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The noiseless tide of time, all bearing down to vast eternity's unbounded sea, he stemm'd alone; and to the source (involv'd deep in primeval gloom) ascending, rais’d his vivid lights to pilot home the deep kiftorian, wilder'd in his darksome way.

But who can number up his labours? who his high discoveries sing? When but few of the deep-studying race can stretch their minds to what he knew : in fancy's lighter thought, How shall the muse then grasp the mighty theme ?

THOMSON.

SECT. SECT. LXIII.

ON LIBERTY.

My soul is sick with ev'ry day's report
of wrong and outrage with which earth is fillid,
There is no yielding flesh in man's hard heart,
it does not feel for man. The nat'ral bond
of brotherhood is fever'd as the fax
that falls alunder at the touch of fire.
He finds his fellow guilty of a skin
not colour' like his own; and having pow'r
t'inforce the wrong, for such a worthy cause
dooms and devotes him as his lawful prey.
Thus man devotes his brother;
and worse than all, and most to be deplor'd,
as human nature's broadest, foulest blot,
chains him, and tasks him, and exacts his sweat
with stripes, that mercy with a bleeding heart
weeps when the sees inflicted on a beast.
Then what is man? And what man seeing this,
and having human feelings, does not blush
and hang his head, to think himself a man
I would not have a flave to till my ground,
to carry me, to fan me while I sleep,
and tremble when I wake, for all the wealth
that sinews bought and sold have ever earn'd.
No: dear as freedom is, and in my heart's
juft estimation priz'd above all price,
I had much rather be myself the Nave,
and wear the bonds, than faften them on him.
We have no Naves at home, then why abroad?

and

and they themselves, once ferried o'er the wave
that parts us, are emancipate and loos’d.
Slaves cannot breathe in ENGLAND; if their lungs
receive our air, that moment they are free;
they touch our country, and their shackles falt:
That's noble, and bespeaks a nation proud
and jcalous of the blessing. Spread it then,
and let it circulate through ev'ry vein
of all your empire, that where BRITAIN's power
is felt, mankind may feel her mercy too.

COWPER.

O Liberty, thou goddess heav'nly bright, profuse of bliss, and pregnant with delight! Eternal pleasure in thy presence reign, and smiling plenty leads thy wanton train ; eas'd of her load subjection grows more light, and poverty looks cheerful in thy fight; thou mak'st the gloomy face of nature gay, giv'st beauty to the sun, and pleasure to the day. Thee, goddess, thee BRITANNIA's isle adores ; how has she oft exhausted all her stores, how oft, in fields of death, thy presence sought, por thinks the mighty prize loo dearly bought !

On foreign mountains, let the sun refine the grape's fost juice, and mellow it to wine ; with citron groves adorn a distant soil; and the fat olive (well with floods of oil : we envy not the warmer clime, that lies in ten degrees of more indulgent skies, nor at the coarseness of our heav'n repine, though o'er our heads the frozen pleiads shine ; 'tis Liberty that crown's BRITANNIA's isle, that makes her barren rocks and bleakest mountains (mile.

ADDISON.

SECT. SECT. LXIV.

OF PATRIOTISM.

Dulce et decorum est pro patria mori.

Dear is the tie that links the anxious sire
to the fond babe that prattles round his fire;
dear is the love that prompts the generous youth,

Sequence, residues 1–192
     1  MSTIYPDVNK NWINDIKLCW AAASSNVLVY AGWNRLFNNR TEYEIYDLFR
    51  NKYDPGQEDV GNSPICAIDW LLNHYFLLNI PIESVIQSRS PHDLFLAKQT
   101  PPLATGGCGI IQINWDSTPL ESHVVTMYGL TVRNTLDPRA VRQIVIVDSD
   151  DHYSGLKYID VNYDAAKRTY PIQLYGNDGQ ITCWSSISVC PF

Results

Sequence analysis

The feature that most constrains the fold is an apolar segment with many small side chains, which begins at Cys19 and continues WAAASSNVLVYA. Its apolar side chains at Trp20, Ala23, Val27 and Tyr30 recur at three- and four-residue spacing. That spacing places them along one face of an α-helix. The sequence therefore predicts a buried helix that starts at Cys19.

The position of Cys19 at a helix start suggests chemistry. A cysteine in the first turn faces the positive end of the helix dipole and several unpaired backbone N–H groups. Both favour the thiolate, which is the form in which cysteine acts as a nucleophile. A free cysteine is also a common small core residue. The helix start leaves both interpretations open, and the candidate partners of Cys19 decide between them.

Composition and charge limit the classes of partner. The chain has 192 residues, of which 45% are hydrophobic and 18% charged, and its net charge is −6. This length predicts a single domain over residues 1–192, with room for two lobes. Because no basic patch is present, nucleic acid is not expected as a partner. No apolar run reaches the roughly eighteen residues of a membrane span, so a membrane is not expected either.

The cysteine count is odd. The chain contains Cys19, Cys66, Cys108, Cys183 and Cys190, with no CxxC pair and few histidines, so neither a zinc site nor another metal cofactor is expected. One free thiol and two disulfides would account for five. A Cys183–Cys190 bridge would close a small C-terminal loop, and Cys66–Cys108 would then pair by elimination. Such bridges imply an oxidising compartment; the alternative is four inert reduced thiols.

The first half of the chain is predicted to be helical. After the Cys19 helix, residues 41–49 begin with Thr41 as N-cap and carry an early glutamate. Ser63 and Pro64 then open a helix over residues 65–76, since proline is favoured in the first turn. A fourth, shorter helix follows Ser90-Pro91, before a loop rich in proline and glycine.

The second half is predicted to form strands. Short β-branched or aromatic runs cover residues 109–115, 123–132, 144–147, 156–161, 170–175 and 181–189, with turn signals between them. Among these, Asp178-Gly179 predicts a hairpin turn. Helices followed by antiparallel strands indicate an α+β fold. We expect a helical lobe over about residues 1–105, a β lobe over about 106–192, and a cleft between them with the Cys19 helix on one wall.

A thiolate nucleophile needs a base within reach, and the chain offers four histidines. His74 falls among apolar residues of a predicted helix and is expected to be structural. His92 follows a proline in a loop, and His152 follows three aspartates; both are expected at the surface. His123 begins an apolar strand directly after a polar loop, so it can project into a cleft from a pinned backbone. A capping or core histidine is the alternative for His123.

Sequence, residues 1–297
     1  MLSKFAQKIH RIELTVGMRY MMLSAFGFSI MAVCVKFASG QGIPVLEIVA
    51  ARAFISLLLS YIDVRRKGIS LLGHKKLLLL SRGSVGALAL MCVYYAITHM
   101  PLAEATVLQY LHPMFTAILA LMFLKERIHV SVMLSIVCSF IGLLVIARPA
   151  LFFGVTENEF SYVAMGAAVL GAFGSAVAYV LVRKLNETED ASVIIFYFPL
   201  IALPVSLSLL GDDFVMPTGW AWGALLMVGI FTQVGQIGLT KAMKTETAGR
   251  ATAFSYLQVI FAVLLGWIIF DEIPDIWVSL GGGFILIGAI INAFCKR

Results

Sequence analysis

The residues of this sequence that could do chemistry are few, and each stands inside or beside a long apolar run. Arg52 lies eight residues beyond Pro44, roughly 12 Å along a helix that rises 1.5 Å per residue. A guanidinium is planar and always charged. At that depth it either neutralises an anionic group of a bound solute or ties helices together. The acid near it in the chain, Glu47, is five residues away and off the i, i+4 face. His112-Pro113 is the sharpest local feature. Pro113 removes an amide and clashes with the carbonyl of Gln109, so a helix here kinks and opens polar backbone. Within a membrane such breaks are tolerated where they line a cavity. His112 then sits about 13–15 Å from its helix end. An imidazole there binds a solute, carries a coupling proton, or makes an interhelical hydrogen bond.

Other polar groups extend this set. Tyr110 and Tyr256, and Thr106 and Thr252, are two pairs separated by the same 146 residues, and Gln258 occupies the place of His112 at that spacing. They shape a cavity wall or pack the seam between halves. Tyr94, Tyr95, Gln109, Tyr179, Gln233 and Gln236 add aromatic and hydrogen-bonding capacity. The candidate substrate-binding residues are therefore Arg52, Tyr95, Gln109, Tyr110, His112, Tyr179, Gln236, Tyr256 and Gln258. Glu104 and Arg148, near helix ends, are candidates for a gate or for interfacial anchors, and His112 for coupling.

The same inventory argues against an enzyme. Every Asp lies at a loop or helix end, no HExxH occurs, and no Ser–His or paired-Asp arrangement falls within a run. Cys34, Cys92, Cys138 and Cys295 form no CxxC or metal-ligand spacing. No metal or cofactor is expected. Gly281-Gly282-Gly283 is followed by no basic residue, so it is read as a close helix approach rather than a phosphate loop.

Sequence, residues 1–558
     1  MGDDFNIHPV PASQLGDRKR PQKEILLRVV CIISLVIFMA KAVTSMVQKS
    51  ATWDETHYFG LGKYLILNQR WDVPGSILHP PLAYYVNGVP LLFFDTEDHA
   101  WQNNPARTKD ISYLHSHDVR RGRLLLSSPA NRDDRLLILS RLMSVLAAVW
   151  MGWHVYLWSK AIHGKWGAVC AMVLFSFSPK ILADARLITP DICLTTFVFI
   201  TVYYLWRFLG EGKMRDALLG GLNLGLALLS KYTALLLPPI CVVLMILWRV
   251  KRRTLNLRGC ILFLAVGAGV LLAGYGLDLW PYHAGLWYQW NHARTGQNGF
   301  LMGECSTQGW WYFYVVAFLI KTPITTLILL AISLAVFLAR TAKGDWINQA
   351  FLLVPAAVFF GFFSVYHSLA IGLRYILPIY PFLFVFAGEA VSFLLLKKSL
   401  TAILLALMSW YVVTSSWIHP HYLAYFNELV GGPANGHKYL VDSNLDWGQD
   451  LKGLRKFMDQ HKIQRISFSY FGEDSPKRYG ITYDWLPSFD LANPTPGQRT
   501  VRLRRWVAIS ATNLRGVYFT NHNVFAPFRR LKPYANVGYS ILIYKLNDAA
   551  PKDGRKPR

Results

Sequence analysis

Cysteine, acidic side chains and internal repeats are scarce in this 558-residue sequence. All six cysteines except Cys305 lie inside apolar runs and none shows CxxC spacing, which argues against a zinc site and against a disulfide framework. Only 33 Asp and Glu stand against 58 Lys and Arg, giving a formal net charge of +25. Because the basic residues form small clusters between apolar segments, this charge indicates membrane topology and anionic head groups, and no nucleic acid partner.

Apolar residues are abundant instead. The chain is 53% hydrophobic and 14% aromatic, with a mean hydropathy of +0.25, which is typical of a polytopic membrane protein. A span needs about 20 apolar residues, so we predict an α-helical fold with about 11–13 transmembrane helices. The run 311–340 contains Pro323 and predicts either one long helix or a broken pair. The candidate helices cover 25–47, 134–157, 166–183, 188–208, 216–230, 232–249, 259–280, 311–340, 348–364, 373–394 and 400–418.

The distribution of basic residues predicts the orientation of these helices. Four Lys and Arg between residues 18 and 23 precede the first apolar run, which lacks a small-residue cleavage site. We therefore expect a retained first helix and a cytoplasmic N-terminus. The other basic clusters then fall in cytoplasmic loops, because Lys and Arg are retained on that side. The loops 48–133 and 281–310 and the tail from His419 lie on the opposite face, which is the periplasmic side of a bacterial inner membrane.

his fire's fond cares and drooping age to sooth ;
dear is the brother, sister, husband, wife,
dear all the charities of social life :-
But not th' endearing springs that fondly move
to filial duty or parental love;
nor all the ties that kindred bosoms bind,
nor all the friendship’s holy wreaths entwin'd,
are half so dear, so potent to controul
the generous workings of the patriot foul,
as is that holy voice that cancels all
those ties, that bids him for his country fall.
At this high summons with undaunted zeal
he barés his breast; invites the impending steel:
smiles at the hand that deals the fatal blow,
nor heaves one figh for all he leaves below.

WHEN EDWARD the Third, disappointed of the throne of France by the brave resistance of the gartison of Calais, resolved to take revenge, and demanded fix of the principal inhabitants of that place, to be led to him with halters about their necks, as a due atonement for

the

VOL. IV.

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the crime of resistance to their lawful sovereign, as he chose to style himself, the governor EustacE SAINT Pierre first of all voluntarily and cheerfully gave himself up as a ransom for the city, and “ I doubt not,” says he, there are many here as ready, nay, more zealous for this martyrdom than I can be, however modesty and the

fear of imputed ostentation may withhold them from being

foremost in exhibiting their merits.-“ Yes there are,exclaiined his son." Ah, my child !(cried St. PiERRE) I am tben twice facrificed.-But no.-I have " rather begotten thee a second time.-Thy years are few, but full, my son ; the victim of virtue has reached the utmost purpose and goal of mortality.”_" Who next,

my friends ? - This is the hour of heroes.”-“ Your kinsman!(cried JAMES WISSANT).-" Your kins

!" (cried Peter WISSANT).-“ Ah!" (exclaimed Sir WALTER MAUNY, bursting into tears), Why was I not a citizen of Calais ?

The fixth victim was still wanting, but was supplied by lot, from numbers who were emulous of so ennobling an example. The keys of the city were then delivered to Sir WAL

He took the six prisoners into his custody. But before they departed, the citizens desired permission to

man

take

TER.

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